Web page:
Saturday, October 21, 2023

A Teacher's Perspective: When Parents Need Help Before Their Children

Today, I spent some time with a special education teacher. We met for a Cranberry bog tour and had no idea that our conversation would take this turn. After our initial introduction, we found ourselves with a lot to discuss, but it wasn't about the group we were a part of or the purpose of our tour. Instead, we delved into the world of special education, families, the struggles, and the ethical dilemmas that teachers face.

Normally, I'm more accustomed to hearing the parents' side of the story, but today was different. I listened as she described how parents often dismiss the concerns that teachers have, how stigma and shame can overshadow the well-being of children, and how parents sometimes refuse to give consent when teachers want to evaluate a student. Red flags are sometimes entirely ignored, and in some cases, disgruntled parents write to school principals, accusing teachers of trying to label their child without cause.

She also shared many stories about Indian parents. They often demand "extra" homework for their children, advanced math and reading materials, without considering the burden of these expectations. She frequently worries about how to support these kids who unquestionably need help but are unable to access it because their parents are unwilling to accept the label of special needs.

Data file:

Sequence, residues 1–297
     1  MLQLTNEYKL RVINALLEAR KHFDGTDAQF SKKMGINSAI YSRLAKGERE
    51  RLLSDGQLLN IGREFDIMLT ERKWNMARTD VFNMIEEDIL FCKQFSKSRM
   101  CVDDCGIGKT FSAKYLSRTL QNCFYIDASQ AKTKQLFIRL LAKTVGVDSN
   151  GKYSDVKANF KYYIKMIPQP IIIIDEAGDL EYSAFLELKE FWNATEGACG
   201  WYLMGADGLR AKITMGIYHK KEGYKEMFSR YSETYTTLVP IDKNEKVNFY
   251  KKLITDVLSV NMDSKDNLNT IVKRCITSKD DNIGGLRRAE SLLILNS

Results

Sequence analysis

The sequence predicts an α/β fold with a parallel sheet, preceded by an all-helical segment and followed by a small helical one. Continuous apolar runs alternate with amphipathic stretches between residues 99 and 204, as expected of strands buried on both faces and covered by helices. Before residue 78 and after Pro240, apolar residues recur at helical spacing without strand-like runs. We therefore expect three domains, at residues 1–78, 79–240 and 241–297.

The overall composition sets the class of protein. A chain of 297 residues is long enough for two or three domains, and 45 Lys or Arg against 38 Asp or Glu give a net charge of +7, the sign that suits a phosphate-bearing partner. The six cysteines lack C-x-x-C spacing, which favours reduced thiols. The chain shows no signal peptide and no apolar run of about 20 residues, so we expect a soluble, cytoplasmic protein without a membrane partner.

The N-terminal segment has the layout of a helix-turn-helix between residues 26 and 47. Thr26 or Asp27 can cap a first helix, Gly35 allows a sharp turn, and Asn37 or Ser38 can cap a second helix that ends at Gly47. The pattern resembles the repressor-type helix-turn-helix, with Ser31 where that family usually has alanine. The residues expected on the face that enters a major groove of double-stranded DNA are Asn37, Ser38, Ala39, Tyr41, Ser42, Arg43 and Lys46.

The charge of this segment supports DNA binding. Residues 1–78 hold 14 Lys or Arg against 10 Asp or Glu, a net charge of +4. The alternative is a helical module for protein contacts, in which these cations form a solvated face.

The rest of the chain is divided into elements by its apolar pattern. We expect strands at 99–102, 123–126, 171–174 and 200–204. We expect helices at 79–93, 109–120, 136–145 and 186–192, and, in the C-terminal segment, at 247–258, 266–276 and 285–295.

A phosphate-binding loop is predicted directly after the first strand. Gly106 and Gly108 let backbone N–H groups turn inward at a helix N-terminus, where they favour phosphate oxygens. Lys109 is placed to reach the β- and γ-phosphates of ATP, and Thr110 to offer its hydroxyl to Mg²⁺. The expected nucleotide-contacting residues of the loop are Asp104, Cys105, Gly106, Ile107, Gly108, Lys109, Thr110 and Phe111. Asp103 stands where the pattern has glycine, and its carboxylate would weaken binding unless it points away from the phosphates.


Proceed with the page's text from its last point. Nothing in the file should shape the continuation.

I've heard countless stories from parents about their relentless battles for services, how their children don't receive adequate support, and how schools sometimes try to push these children out of the system, even when they aren't ready. I was already aware of the prevailing stigma and state of denial in this field, which was one of the primary motivations behind creating Desi Moms Network. Nevertheless, hearing this teacher's perspective was quite eye-opening.

All of this brings me to a profound question: Would you inform a friend or relative if you noticed red flags in their child's development, or would you choose to remain silent?

A silk saree for a navratri visit. Met some amazing mothers over a delicious meal. Saw a pumpkin patch on the way, had to stop and take a pic. 

and here is my sunshine. someone from my village sent this pic.with a comment - "So proud of him"

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